Séverine Deneulin (DPhil, University of Oxford), a Kellogg visiting fellow for the 2017–18 academic year, is associate professor in International Development at the University of Bath, where she teaches in the MSc in International Development and Professional Doctorate in Policy Research and Practice programs. In her research, she specialises in development ethics, poverty and inequality in Latin America, and the “capability approach” developed by economist and philosopher Amartya Sen.
At Kellogg, Deneulin will conduct research on engaging development policy and practice with religious traditions, using the capability approach as a bridge between religion and development policy. She will give special attention to the Catholic tradition and the areas of environmental protection and urban integration. Deneulin’s work draws on her active involvement in engaging religion and development in a marginal neighbourhood of Buenos Aires.
Her publications include Wellbeing, Justice and Development Ethics (Routledge, 2014), Religion in Development (Zed, 2009), Transforming Unjust Structures (Springer, 2006), and numerous journal articles. She is on the advisory committee of the Institute of Human Development in Latin America at the Catholic University of Peru. Deneulin has taught the capability approach at the University of Bethlehem, Palestine, Universidad Centroamericana, El Salvador, the Catholic University of Argentina, and FLACSO Argentina. While at Kellogg, Deneulin will also contribute to Keough School Master of Global Affairs seminars on development ethics and integral human development. In addition to her PhD in development studies, she holds an MSc in economics from the University of Louvain in her native Belgium.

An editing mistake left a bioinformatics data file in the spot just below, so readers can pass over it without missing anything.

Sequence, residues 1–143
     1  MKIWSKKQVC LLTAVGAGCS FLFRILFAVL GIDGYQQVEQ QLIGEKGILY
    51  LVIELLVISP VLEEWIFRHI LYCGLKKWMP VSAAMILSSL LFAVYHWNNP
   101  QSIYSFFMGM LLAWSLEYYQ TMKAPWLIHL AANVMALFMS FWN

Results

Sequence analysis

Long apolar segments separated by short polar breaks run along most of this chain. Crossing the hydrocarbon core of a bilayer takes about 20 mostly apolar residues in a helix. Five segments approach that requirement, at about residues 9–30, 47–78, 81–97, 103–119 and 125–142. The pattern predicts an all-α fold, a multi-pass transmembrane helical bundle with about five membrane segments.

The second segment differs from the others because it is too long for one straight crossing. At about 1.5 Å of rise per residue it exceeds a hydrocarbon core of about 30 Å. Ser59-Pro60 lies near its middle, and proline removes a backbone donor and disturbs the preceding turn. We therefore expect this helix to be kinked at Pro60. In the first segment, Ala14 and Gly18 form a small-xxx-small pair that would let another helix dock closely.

Engaging Development and Religion: Conceptual and Methodological Groundings for Critical Global Transformations
Working paper (non-Kellogg)s
Research Spotlight Luncheon
Second International Conference on Human Dignity and Human Development
Kellogg Welcomes 2017–18 Visiting Fellows
Aug 28, 2017
Ten visiting fellows have settled into their offices at the Kellogg Institute for International Studies, where they will conduct research on topics such as democratic accountability, migration, press freedoms, and the engagement of human development with religion in countries across Africa, Europe and Latin America.